Tripod Jack for cars is advertised (Apr, 1951)

Booth girls’ costumes have gotten a lot skimpier since the fifties, though I suppose this outfit wouldn’t look that out of place at a Japanese gaming con.

Tripod Jack for cars is advertised

to be foolproof and upset-proof, and can be manipulated by even the daintiest of females as the photo clearly shows. It was shown at the Automotive Industries Show in Chicago. It is the bumper type, screw -driven. Vulcan Mfg., Winona, Minn.

  1. Rick Auricchio says: April 29, 20118:57 am

    Maybe she’s dressed to sell to the Amish buggy crowd.

  2. John says: April 29, 20119:08 am

    Rick: Not with those daring, naked arms http://pittsburgh.about…

    I mean, it looks nothing like an Amish dress.

  3. John Savard says: April 29, 201112:49 pm

    She is clearly wearing Dutch national costume, except that she seems to be wearing conventional high heels instead of wooden shoes.

  4. Mcubstead says: April 29, 20116:20 pm

    I had forgotten bumpers were original realy strong and durable. I wonder how long it been since they made a car you could jack up by the bumber.

  5. Charlene says: April 29, 20117:40 pm

    Why exactly would they dress up a girl in Dutch clothing for the Chicago Automotive Industries show?

  6. C.H. says: April 30, 201112:29 am

    I’d understand if she was selling cheese but…. jacks?

  7. Tom says: April 30, 20117:10 am

    A fanatsy comes true; a Dutch maid to jack up my car.

  8. Rick Auricchio says: April 30, 20119:10 am

    John: Yeah, it was just my first silly thought. I realized she wasn’t Amish, but Dutch didn’t really work for the gag.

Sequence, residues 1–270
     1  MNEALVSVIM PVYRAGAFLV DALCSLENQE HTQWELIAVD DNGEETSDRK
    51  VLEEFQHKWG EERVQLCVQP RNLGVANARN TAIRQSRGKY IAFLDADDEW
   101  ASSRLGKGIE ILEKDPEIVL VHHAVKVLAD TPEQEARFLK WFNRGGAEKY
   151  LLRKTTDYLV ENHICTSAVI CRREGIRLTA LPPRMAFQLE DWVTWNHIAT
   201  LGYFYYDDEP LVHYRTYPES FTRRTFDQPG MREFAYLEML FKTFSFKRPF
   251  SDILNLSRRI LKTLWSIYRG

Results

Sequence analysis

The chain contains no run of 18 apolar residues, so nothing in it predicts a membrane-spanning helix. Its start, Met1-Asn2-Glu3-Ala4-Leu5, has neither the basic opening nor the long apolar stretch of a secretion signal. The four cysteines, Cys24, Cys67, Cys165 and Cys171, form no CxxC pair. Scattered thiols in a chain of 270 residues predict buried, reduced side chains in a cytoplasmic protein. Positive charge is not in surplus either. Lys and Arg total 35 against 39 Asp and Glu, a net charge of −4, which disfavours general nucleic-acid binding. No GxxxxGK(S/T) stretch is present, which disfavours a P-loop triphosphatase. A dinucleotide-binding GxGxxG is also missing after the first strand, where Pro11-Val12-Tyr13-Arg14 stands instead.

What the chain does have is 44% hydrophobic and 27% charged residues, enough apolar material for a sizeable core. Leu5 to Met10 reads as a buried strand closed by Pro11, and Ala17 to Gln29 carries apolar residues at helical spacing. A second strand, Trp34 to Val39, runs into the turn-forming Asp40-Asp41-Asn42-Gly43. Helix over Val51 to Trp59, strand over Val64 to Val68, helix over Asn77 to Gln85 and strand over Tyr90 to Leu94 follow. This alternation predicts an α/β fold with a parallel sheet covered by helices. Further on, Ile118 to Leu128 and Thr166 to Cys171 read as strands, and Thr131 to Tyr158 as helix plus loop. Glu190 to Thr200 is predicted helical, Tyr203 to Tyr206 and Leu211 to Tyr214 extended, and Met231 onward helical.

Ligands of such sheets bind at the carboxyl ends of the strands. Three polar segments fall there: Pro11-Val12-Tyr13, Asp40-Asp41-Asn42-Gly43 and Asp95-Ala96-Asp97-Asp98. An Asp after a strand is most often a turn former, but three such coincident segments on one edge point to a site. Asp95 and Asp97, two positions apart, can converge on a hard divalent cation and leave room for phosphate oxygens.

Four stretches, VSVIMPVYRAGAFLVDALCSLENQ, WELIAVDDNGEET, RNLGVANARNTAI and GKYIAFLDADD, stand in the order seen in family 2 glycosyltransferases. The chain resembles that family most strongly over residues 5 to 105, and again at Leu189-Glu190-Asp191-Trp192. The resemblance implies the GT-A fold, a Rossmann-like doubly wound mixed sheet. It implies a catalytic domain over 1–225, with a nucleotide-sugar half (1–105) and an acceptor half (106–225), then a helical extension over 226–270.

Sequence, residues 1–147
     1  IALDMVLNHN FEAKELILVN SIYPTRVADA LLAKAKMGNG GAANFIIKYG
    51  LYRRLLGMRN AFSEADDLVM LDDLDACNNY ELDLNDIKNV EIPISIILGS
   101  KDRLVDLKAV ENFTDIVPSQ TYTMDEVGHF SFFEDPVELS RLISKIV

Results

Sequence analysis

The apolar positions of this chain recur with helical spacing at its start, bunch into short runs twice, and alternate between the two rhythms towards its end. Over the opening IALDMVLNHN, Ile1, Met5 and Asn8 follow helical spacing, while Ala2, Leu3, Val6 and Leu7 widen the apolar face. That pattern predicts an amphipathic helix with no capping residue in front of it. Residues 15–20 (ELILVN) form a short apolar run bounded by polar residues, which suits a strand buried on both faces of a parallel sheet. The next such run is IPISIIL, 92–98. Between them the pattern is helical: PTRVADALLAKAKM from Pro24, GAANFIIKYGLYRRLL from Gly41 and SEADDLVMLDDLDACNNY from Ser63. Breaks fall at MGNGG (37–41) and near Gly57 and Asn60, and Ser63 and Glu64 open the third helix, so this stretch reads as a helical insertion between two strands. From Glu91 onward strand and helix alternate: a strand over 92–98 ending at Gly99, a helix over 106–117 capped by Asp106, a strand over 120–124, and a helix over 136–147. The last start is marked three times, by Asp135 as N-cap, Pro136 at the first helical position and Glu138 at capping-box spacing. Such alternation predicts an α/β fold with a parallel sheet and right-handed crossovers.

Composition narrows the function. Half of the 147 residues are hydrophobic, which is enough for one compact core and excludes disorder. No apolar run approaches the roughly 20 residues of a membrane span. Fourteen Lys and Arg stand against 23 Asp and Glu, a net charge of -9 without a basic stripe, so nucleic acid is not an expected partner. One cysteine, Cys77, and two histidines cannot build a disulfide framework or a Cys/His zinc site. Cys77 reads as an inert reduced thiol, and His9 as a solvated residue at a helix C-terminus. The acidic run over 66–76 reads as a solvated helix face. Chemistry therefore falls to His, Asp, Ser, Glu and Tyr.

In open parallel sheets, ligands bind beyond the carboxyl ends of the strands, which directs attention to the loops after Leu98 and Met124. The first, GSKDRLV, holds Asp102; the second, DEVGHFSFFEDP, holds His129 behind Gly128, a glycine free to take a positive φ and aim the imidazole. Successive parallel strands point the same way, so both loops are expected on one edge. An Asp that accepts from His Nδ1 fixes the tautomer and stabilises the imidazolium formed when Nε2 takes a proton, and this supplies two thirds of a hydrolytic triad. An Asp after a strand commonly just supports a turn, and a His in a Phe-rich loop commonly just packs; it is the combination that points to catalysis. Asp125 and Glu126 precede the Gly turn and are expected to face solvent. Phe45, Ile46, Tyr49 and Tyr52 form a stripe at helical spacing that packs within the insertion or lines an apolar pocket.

John S: What, no wooden shoes?

    Mcubstead: Bumper jacks were pretty much all that came with cars till probably the mid 60s.

  9. Anton says: April 30, 20119:29 am

    The very vague resemblance of this device to a windmill attrached Dutch girls if you had a flat: especially those in high heels.

  10. John says: April 30, 201112:02 pm

    Anton: Now that’s just reading too much into it. No sin in simply saying “I don’t know”.

  11. Timaay says: April 30, 20117:33 pm

    I had one of those tripod bumper jacks. It was a scary thing. As you raised the car the main support leg moved to a gradual upright position while the the two back support legs slid closer to the main support leg. I kept thinking there must be something wrong with it, but I couldn’t figure out what it could be. I lifted my 1970 volkswgon beetle with it many times and tested the stability and everything seemed sturdy enough. It was just an odd thing that the three legs did not stay put when you used it. The only way you can jack a car up an inclined support is to pull the car forward as you lift it or else the support has to move to an upright position.
    Was I missing something? That damm jack puzzeld me for years. I finnaly threw it away on a move.

  12. Toronto says: April 30, 20118:08 pm

    Timaay: If you recall, the Big Three bumper jacks of the era were single legged, so I doubt that your tripod doing that was much of an issue.

    (I’m trying to remember my car jacks. I think it went scissor, scissor, bumper, bumper (Toyo, Mazda, Chevy, Suzuki.)) My current daily driver doesn’t have a jack – few bicycles do.

  13. Orv says: May 3, 201111:18 am

    Yeah, either the jack has to tilt or the car has to move forward; it’s just the geometry of it. This is also why floor jacks have wheels.

  14. Mike Brown says: May 4, 20116:50 am

    > Was I missing something? That damm jack puzzeld me for years.

    For those jacks to be stable when lifting a car, you had to leave the emergency brake off. Then, the car could roll and all of the legs of the jack remained on the ground.

    They worked pretty well, assuming you weren’t lifting the car on a slope, of course. Then you needed chocks to put behind the wheels to keep the car from rolling away.

  15. Timaay says: May 4, 20114:00 pm

    Thanks mike, I just never felt comfortable using it and now its gone so, good riddance.

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